The warning came in an urgent dispatch written in December 1998, which read at the top: “CABINET OFFICE PLEASE GO TO PS/NO 10” – a reference to Sir Tony’s private secretary in Downing Street.

Sir David warned: “We have a significant and potentially damaging problem on our hands.” He described a meeting in which Michio Naruto, vice president of Fujitsu and president of ICL, expressed concern about the risk of the government withdrawing from the plan.

He said Naruto “repeatedly emphasized that the failure of the project will have serious repercussions for Fujitsu’s international position, lead to significant internal difficulties within Fujitsu and the collapse of ICL”, adding: “Any threat to the continued viability of ICL would have profound implications for jobs in the UK and for bilateral relations.

“The waves created would be damaging politically at home and to the UK’s position of strength here against our European competitors. This is already being weakened by perceptions of distancing from the center of Europe over the single currency. We can do without more problems.”

Sir Geoff said it was difficult to overstate “how important Japanese investment was in the country in the 1980s, and in the 1990s, it almost saved British manufacturing. So there was a lot at stake and that was definitely a big factor.”

He added: “My recommendation was, despite that, I still thought [Horizon] It should have been canceled and started again. I think Alistair Darling took a similar view.”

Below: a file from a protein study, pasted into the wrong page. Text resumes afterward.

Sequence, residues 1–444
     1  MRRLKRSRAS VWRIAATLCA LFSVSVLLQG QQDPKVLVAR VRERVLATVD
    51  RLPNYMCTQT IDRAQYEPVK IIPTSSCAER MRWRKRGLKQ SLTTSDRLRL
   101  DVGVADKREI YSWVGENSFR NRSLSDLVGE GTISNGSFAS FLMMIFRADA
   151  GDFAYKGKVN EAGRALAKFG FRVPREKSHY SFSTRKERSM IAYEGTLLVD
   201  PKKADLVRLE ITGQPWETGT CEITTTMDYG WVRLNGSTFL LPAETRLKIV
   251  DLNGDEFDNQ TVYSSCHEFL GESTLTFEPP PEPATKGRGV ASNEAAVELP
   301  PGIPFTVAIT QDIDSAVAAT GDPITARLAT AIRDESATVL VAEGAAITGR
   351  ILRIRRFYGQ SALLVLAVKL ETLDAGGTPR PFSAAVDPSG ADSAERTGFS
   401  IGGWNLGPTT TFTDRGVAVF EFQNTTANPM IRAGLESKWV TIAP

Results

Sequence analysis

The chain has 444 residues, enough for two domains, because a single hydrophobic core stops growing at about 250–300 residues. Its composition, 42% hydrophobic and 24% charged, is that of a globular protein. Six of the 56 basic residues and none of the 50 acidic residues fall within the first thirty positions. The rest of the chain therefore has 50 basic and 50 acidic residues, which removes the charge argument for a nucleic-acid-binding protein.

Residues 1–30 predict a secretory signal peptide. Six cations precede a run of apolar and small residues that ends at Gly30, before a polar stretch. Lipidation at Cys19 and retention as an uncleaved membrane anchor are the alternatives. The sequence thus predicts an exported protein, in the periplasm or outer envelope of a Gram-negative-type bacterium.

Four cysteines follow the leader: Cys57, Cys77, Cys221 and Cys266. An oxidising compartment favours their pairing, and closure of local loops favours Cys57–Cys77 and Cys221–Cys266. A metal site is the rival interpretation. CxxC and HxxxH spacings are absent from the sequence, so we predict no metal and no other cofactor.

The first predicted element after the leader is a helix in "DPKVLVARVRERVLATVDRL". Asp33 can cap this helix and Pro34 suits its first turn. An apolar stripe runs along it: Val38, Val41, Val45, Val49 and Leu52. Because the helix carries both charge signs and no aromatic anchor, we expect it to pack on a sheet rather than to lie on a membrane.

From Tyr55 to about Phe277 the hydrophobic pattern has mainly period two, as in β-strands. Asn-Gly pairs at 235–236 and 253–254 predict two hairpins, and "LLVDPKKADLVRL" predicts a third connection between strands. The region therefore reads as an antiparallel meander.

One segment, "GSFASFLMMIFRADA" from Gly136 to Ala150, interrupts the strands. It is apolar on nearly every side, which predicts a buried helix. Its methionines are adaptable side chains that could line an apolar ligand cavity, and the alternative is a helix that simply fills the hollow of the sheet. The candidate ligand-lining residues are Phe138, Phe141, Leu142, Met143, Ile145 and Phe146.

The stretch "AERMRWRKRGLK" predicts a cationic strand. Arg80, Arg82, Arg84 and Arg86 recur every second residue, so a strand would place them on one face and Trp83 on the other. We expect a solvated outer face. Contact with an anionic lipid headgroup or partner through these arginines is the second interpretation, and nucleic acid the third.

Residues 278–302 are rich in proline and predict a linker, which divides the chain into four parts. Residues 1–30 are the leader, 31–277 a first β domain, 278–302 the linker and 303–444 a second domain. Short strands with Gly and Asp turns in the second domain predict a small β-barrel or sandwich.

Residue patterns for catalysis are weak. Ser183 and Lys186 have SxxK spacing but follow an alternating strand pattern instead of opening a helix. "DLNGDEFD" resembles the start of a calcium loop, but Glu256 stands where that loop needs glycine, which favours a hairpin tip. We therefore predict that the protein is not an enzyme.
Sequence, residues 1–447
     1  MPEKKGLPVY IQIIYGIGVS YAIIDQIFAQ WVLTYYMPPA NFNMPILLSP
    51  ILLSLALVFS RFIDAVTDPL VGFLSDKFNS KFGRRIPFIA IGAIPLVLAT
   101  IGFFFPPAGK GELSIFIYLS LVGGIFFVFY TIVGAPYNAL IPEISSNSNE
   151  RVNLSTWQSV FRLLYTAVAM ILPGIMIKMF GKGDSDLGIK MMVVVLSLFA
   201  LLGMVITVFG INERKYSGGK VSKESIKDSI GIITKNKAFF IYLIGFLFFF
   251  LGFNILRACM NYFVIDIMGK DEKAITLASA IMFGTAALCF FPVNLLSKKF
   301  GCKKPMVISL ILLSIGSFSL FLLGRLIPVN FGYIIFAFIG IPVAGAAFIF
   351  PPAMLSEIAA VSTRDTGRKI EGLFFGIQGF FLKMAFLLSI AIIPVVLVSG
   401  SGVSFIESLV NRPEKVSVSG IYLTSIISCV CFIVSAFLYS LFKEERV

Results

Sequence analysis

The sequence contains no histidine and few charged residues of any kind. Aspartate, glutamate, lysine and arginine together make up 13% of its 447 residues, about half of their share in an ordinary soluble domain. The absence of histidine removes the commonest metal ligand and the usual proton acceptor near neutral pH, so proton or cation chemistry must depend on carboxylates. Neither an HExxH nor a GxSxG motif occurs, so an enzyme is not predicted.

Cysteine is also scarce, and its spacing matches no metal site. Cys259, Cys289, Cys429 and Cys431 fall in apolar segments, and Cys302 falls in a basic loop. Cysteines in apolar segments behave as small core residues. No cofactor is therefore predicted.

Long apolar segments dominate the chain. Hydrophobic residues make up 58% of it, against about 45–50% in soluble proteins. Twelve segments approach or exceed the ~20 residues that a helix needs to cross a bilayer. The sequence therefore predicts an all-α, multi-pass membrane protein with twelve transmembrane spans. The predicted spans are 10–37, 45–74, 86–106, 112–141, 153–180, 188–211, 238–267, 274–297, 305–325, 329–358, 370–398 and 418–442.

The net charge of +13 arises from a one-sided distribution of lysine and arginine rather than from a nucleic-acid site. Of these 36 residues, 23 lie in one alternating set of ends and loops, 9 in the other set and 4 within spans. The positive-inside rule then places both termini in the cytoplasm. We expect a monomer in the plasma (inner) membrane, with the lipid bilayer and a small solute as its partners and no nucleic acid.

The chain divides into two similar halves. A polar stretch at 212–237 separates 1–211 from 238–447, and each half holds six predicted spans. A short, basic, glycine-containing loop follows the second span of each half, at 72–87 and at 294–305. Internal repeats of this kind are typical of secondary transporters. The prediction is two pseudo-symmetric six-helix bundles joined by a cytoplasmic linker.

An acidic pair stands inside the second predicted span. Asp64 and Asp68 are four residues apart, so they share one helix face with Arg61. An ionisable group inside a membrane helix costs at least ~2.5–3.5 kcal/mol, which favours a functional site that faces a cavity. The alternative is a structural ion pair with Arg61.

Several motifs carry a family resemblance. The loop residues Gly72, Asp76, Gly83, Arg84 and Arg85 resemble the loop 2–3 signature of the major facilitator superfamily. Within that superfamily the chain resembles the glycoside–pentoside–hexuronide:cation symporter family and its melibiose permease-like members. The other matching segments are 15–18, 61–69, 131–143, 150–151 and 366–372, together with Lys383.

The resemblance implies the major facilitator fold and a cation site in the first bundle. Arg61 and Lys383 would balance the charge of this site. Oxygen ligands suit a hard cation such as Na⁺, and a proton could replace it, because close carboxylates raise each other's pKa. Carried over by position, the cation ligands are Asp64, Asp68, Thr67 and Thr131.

According to testimony from a former senior DoC official, in early 1999 Downing Street made it clear to ministers and officials that Sir Tony “was not seeking an outcome that would involve moving away from Horizon or ICL.”

A spokesman for Sir Tony said: “As is absolutely clear from published correspondence within the government, Tony Blair, as Prime Minister, took very seriously the issues raised about the Horizon contract, which when he took office was behind schedule, but considered vital. for savings in the benefits system.

“After Mulgan’s warning… Mr Blair wrote in that note: ‘I would be in favor of Option 1 [pressing ahead] except for Geoff’s claim that the system itself is flawed. Surely there must be a clear vision in this regard.

“Tell me about that: I mean, reading the attached document, everything is focused on the financial business. But the risks there are fairly even and will probably lean towards the side of continuing. The real thing about this is the system itself.’”

The spokesperson pointed to a note from Mr Heywood which stated that the Prime Minister’s “only concern was getting a workable system agreed that actually delivered what the Government wanted”.

“An independent panel of experts was asked to provide a technical assessment of the feasibility of the project, which concluded that it was viable,” the spokesperson added.

“Therefore, at every stage the issues were taken seriously and investigated… The implicit idea that Tony Blair was warned and ignored them is categorically wrong.

“It is now clear that the Horizon product was seriously defective, leading to tragic and completely unacceptable consequences, and Mr Blair has deep sympathy for all those affected.”